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Posted at: Apr 23, 2018, 12:55 AM; last updated: Apr 23, 2018, 12:55 AM (IST)

Money addiction

India’s cash-to-GDP ratio has been quite high compared to other major economies even after demonetisation. India needs transformational changes to resolve the issue of cash crunch, says K Srinivasa Rao
Dry ATMs, long queues and worried customers at banks in some states have once again brought back the memories of demonetisation. Although, the current cash shortage is temporary, there are certain issues that need policy attention to reduce overdependence on the cash. 

Cash in circulation has increased post demonetisation. It was at Rs 17.5 trillion on November 8, 2016, which has gone up to Rs 18.43 trillion on April 6, 2018. Although, some experts are of the view that year-on-year growth of cash in circulation is short of nominal growth of GDP. But in a digital era, are we to supply matching currency to sustain growth? 

Another reason for the cash crunch is the credit growth. It grew at Rs 8.29 trillion during FY-18, higher than the deposit growth (Rs 7.29 trillion). The fear of pending Financial Resolution and Deposit Insurance (FRDI) Bill with its ‘bail-in’ clause has also led to slower growth of deposits in banks. Besides, the seasonal spurt in demand for cash is not a new phenomenon.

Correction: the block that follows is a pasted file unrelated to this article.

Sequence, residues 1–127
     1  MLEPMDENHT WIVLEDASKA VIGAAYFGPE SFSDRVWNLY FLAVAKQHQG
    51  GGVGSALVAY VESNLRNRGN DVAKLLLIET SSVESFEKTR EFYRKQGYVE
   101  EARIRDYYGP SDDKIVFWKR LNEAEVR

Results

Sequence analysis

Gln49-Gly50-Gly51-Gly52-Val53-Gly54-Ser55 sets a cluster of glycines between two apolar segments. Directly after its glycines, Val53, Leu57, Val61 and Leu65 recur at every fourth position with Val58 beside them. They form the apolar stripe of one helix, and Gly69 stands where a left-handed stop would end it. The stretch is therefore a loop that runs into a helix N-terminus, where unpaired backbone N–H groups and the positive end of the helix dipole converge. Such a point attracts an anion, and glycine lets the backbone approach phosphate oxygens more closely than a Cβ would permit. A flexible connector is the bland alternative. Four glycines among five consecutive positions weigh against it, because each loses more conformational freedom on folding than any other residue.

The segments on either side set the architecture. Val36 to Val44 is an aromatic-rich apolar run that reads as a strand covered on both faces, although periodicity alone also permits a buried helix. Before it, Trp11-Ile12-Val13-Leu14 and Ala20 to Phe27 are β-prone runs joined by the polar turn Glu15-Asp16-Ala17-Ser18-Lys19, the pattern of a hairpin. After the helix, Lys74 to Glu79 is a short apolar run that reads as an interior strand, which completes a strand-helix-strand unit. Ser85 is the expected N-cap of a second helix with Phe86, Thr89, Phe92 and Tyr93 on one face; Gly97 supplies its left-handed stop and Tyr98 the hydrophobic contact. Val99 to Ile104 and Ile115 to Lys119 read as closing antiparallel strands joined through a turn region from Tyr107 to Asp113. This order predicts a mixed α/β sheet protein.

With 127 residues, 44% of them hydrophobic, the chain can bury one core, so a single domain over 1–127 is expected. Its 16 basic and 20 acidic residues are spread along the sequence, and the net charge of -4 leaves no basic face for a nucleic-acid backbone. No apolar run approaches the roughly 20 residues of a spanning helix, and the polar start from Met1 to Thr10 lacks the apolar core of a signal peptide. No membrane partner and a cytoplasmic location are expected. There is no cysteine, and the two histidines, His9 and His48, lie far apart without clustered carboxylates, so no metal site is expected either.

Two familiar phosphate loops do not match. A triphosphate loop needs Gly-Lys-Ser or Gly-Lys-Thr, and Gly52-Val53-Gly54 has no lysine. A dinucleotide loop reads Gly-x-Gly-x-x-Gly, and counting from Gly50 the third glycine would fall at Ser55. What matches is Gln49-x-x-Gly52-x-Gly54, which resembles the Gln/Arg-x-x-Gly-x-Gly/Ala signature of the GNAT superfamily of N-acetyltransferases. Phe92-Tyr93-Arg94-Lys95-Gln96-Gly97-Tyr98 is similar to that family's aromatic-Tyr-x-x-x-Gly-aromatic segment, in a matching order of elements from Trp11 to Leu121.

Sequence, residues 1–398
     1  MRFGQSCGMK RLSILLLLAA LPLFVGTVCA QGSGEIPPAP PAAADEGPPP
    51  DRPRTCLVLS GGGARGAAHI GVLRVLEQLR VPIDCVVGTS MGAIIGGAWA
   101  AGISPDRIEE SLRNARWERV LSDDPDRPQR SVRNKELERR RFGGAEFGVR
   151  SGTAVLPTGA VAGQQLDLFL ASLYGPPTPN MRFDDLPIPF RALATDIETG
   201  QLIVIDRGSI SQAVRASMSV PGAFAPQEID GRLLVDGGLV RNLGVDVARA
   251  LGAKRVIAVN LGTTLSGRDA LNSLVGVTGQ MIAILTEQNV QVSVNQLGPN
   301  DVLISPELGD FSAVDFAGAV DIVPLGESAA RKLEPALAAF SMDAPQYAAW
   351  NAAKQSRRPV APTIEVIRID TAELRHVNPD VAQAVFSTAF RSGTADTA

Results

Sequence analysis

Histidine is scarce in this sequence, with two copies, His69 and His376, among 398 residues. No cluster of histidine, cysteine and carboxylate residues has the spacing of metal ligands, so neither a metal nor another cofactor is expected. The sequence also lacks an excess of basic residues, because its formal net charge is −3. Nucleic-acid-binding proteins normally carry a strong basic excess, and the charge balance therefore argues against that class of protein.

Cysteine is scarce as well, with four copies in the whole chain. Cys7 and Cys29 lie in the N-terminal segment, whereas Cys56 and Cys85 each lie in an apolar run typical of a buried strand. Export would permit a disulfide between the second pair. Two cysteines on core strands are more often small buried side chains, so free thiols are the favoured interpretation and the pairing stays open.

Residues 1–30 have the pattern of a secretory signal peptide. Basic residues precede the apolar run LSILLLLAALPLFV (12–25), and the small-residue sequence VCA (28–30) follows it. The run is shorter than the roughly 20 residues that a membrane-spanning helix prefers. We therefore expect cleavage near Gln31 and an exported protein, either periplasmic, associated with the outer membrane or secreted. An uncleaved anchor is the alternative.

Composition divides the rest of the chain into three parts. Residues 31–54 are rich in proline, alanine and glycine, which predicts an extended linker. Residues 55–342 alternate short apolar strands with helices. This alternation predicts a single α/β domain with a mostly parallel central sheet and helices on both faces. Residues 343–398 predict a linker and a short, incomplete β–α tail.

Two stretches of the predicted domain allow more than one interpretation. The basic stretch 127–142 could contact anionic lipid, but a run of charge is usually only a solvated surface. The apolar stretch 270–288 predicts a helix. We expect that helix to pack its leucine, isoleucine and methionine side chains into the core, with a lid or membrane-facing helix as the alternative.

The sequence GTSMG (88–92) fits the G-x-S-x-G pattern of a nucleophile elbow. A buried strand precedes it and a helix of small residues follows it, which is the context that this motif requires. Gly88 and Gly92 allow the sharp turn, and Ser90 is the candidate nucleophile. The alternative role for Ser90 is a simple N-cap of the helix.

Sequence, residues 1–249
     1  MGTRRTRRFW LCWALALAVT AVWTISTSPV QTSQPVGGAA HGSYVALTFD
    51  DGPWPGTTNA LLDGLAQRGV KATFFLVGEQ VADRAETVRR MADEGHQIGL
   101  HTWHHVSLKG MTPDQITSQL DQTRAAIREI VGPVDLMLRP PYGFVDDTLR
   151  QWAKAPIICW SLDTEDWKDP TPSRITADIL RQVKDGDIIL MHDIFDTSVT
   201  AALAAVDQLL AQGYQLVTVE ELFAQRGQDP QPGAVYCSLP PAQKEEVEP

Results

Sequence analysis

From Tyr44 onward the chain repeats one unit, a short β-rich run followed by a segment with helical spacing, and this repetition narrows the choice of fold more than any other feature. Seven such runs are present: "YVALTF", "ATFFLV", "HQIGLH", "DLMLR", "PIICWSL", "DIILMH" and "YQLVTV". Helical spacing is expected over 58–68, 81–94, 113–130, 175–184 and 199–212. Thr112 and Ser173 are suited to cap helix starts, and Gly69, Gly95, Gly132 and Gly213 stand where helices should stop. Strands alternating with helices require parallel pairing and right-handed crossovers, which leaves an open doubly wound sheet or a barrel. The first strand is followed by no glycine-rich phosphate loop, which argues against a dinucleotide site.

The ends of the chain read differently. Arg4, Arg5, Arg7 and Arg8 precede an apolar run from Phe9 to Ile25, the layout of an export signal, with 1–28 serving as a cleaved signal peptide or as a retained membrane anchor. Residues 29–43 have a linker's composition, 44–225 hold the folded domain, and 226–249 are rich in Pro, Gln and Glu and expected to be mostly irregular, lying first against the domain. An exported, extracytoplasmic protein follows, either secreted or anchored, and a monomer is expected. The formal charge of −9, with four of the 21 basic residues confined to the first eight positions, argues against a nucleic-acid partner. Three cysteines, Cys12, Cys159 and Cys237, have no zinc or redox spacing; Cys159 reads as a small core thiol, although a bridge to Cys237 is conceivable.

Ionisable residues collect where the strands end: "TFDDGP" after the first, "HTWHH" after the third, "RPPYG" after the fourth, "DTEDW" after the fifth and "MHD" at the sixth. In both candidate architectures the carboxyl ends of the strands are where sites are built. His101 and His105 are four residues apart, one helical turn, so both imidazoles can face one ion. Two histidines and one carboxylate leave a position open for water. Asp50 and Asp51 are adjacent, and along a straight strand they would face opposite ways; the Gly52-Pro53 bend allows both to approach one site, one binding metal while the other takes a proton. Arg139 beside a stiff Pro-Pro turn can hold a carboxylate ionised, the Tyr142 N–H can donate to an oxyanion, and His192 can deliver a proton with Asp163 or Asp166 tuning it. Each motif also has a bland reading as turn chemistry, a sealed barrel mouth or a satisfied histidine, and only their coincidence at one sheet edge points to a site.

Apart from the demand and supply issue, the current crunch is also because of infrastructure problems. Number of ATMs are shrinking compared to the expansion of economy. According to a World Bank study, the number of ATMs per 1,00,000 populations in India is 21.24, which is much less compared to Brazil (108.820, Russia (168.7), China (81.45) and South Africa (69.29). Several of them are either not loaded with the cash or are out of order. Restoring sanctity of ATMs is essential by fixing responsibility.  

Similarly, the point of sale (PoS) machines needs to be popularised in the hinterland. Despite banks have issued 855 million debit cards and 33 million credit cards, growth of digital payments have slowed down. There is a need to incentivise and promote alternate delivery channels such as internet banking, mobile banking and payments through unified payment interface (UPI). 

Users of social network could become catalysts as they are computer literate. They would help in winning public trust for digital payment options. The intensity of social engagement can bring better transparency and clean public life. The short-term solutions are with government agencies but long-term cultural shift towards a less-cash society rests with public. 

— Dr Rao is the Director of the National Institute of Banking Studies and Corporate Management - NIBSCOM. Views are personal

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